What is the Latin root word for education?
It comes from the word "educare" which means "to bring up", from
e- "out" and ducere "to lead; to bring forward".
Well, now. This is embarrassing. I should have hired a good
proofraeder to review that answer, because it's wrong. At least
part of it is. The first part is correct in that the English term
"education" does come
from the Latin educare (ēducāre with the macrons),
and the second part is correct insofar as (some of) the
meanings of ēducāre are concerned, but is
"mso-bidi-font-style: normal">incorrect insofar as the Latin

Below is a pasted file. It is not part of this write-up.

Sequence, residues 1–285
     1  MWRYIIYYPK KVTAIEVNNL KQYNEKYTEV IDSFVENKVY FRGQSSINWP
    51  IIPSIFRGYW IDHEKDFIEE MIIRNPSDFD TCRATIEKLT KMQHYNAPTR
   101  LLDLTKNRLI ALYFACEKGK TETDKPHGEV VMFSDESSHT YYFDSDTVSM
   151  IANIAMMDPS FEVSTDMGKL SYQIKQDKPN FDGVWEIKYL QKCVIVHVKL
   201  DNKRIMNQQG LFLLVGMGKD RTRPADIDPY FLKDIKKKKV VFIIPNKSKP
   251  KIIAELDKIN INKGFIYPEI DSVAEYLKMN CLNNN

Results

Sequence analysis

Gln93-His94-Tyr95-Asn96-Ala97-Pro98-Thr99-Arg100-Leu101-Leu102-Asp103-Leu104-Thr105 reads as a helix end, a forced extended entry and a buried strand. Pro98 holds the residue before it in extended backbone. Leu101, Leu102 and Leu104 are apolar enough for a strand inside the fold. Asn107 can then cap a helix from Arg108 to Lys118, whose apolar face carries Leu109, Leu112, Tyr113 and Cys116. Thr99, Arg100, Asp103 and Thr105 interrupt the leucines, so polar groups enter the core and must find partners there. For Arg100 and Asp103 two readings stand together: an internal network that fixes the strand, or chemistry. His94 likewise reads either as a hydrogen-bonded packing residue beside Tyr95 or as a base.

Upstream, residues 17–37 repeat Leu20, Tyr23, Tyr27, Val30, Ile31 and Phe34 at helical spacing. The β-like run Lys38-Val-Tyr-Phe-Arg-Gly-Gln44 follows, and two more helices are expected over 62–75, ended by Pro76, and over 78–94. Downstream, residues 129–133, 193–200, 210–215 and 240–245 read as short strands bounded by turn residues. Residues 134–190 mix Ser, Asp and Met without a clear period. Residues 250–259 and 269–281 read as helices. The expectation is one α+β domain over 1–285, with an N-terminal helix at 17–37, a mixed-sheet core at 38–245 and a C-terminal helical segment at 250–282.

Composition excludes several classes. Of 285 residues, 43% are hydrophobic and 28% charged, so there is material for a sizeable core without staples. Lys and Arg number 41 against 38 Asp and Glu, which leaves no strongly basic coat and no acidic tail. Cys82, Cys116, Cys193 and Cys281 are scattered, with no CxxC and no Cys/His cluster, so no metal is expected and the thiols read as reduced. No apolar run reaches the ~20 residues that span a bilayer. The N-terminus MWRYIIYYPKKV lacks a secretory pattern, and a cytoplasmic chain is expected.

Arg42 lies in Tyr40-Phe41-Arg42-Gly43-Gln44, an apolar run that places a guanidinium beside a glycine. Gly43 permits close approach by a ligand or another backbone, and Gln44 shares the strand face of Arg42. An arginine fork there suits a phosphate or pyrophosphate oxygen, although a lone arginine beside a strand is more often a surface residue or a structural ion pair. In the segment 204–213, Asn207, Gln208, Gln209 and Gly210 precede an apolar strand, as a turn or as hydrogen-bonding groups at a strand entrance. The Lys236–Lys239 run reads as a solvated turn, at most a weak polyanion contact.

used to illustrate those English meanings is concerned; the English
word "education" is not
derived from ē-dūcere, which means "to draw out."
You see that big fat "A" in education? Well, that tells you
immediately that it is a word of the first, or
"mso-bidi-font-style: normal">, Latin conjugation, namely
ēducāre, whose fourth
principal part is ēducātus--the first and third being
ēducō and ēducāvī respectively-- and the basis of the
English term "education."
If the second conjugation term ēdūco,
"mso-bidi-font-weight: normal">ēdūcere, ēdūxī,
ēductus were the root, job applicants would be filling out
forms asking what the "highest level of eduction" they've
Sorry it took so long to catch the error.